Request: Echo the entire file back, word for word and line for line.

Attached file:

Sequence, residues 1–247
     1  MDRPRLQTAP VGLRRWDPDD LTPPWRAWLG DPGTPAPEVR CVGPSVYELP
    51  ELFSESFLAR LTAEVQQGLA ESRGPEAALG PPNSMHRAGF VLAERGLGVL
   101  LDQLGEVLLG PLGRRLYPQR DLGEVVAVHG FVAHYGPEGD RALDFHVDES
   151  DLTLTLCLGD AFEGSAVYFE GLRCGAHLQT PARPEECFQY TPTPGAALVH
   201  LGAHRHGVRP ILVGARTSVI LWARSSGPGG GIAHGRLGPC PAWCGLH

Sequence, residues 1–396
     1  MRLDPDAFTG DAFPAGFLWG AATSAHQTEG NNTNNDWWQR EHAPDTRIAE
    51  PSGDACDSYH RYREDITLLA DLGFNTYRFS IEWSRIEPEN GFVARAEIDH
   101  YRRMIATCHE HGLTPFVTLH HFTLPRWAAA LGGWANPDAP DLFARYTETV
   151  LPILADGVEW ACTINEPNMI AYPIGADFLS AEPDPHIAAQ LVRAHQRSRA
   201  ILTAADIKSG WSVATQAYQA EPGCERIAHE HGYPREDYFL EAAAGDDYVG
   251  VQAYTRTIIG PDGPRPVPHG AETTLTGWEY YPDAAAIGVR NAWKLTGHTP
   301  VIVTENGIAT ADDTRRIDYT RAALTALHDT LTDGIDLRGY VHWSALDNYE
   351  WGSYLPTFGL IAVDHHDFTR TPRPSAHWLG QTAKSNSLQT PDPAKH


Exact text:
Sequence, residues 1–247
     1  MDRPRLQTAP VGLRRWDPDD LTPPWRAWLG DPGTPAPEVR CVGPSVYELP
    51  ELFSESFLAR LTAEVQQGLA ESRGPEAALG PPNSMHRAGF VLAERGLGVL
   101  LDQLGEVLLG PLGRRLYPQR DLGEVVAVHG FVAHYGPEGD RALDFHVDES
   151  DLTLTLCLGD AFEGSAVYFE GLRCGAHLQT PARPEECFQY TPTPGAALVH
   201  LGAHRHGVRP ILVGARTSVI LWARSSGPGG GIAHGRLGPC PAWCGLH

Sequence, residues 1–396
     1  MRLDPDAFTG DAFPAGFLWG AATSAHQTEG NNTNNDWWQR EHAPDTRIAE
    51  PSGDACDSYH RYREDITLLA DLGFNTYRFS IEWSRIEPEN GFVARAEIDH
   101  YRRMIATCHE HGLTPFVTLH HFTLPRWAAA LGGWANPDAP DLFARYTETV
   151  LPILADGVEW ACTINEPNMI AYPIGADFLS AEPDPHIAAQ LVRAHQRSRA
   201  ILTAADIKSG WSVATQAYQA EPGCERIAHE HGYPREDYFL EAAAGDDYVG
   251  VQAYTRTIIG PDGPRPVPHG AETTLTGWEY YPDAAAIGVR NAWKLTGHTP
   301  VIVTENGIAT ADDTRRIDYT RAALTALHDT LTDGIDLRGY VHWSALDNYE
   351  WGSYLPTFGL IAVDHHDFTR TPRPSAHWLG QTAKSNSLQT PDPAKH